Monday, April 30, 2012

Diversity (or the lack of) Explored

 On April 27,  author Laura Lacamara wrote a post called Will Latino Stories Sell? Over at Mommy Maestra.  Lacamara first picture book, Floating on Mama's Song is gorgeous.  In her article Lacamara gives hard numbers about under-representation.
The day before  Jen Doll wrote an article in the Atlantic Wire called The Ongoing Problem of Race in YA  She does not reveal anything new but its still good  for the lack of diversity in YA to be talked about.  What was more telling was a previous article by Doll called The Greatest Girl Characters  of YA literature.  It actually was not list itself which was exclusively White that had me shaking my head  but the comments. Though before I get to that, the first thing I noticed about the list is that there were a lot of older middle grade titles.  Overall it was not a great list and it was  founded on nostalgia.  Anyone familiar with children's literature knows characters of color do not have a chance when nostalgia comes into play.  There's always room for A Little House in the Prairie and Tree Grows in Brooklyn  but never  House on Mango Street,  Born Confused, The Bluest Eye or Huntress  All but Huntress (which I included because I was on roll) are classics but sadly these titles do not warrant the same amount of nostalgia pull.  So I was not surprised that they were all overlooked.   To be fair to Doll it looks like she did not work on this alone.

But in the Y.A. books of our youth, they are far more complex, and more thoroughly drawn. They have been for years, and they continue to be so. Here are a few of our favorites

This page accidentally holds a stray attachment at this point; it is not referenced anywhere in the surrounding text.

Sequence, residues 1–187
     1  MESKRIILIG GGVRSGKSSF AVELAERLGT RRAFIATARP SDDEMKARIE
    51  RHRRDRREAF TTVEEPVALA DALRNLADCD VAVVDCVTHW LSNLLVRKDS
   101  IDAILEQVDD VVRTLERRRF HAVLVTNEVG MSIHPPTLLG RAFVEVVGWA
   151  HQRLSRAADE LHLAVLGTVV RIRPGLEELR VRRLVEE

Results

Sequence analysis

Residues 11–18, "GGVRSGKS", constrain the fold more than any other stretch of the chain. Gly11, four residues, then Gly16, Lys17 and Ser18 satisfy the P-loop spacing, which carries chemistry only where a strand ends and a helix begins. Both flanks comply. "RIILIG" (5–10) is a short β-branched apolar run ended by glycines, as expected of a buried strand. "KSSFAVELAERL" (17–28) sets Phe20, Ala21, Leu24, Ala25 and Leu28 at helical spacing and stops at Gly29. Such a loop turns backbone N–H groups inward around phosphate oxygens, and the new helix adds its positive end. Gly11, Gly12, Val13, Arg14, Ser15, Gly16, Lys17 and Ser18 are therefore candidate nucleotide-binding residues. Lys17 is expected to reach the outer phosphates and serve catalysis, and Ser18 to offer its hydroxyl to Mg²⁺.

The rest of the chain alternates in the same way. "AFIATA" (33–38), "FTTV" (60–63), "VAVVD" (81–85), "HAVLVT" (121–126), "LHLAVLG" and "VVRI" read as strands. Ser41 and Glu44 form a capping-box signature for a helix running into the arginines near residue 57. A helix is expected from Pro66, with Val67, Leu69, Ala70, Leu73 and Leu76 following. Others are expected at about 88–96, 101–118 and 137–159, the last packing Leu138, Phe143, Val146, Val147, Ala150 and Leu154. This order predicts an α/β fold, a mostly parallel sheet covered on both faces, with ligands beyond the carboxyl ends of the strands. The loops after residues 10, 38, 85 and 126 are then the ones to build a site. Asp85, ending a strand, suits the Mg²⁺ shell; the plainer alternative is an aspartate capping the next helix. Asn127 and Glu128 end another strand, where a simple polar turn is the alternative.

Knowing that this diverse free list was a group effort and not the work of one person is a bit more troubling.  To Doll's credit, she admits to the oversight  in The Ongoing Problem of Race in YA.  However it should not have happened in the first place. If I created a list in which I neglected include any White authors or characters I would be called out with the quickness. And that's how it should be. Though that is not what happened here 

PaulaNash left the fifty four comment, and was first person to suggest a character of color, Cassie Logan from Roll of Thunder Hear Me Cry. Before that comment no one mentioned or even questioned why the list was all White. Some people probably raised their concerns  privately via email, hence the Ongoing Problem of Race in YA article.  Even so the fact that no one deemed it necessary make note of this in public comments is very telling.   People should want to comment freely about the  lack of fair representation at any time not only when the article, piece, entry what have you is on diversity.  When it is only the latter it proves to me a lot more still needs to change.  

If you have read this far down, I hope you are a little amped up to support   YA diversity. If that is the case, Guys Lit Wire is currently running their annual book fair. This year they have returned to Ballou H.S. in Washington D.C.   Head on over to GLW and find all you need to know,

5 comments: said...

I have read several articles on the lack of diversity in children book publishing. Even the SCBWI latest magazine issue addresses the subject, quite nicely, I think. I just wonder if the publishing world is listening, or even care. We may need to diversify the publishing industry before we see any progress in that direction. Often time, change is a long time coming.

Kristi's Book Nook said...

This is a great post. I know lots of authors of color who are supporting this and working on books that have characters of color. Thanks.

Wm Bearclaw said...

Thanks so much, Doret, for the great post & for linking to Laura's article & her book ! !

It seemed disappointing that publishers were taking such a narrow view of the market . . . however, we'll continue to be optimistic that strong stories & colorful (in both senses) characters will shine through & find a larger audience.

-- H A L ☮ ♥

Charlotte said...

I think this is one of the worst years EVER for kids of color in mg sff, and in YA too. And whitewashing keeps on chugging along....

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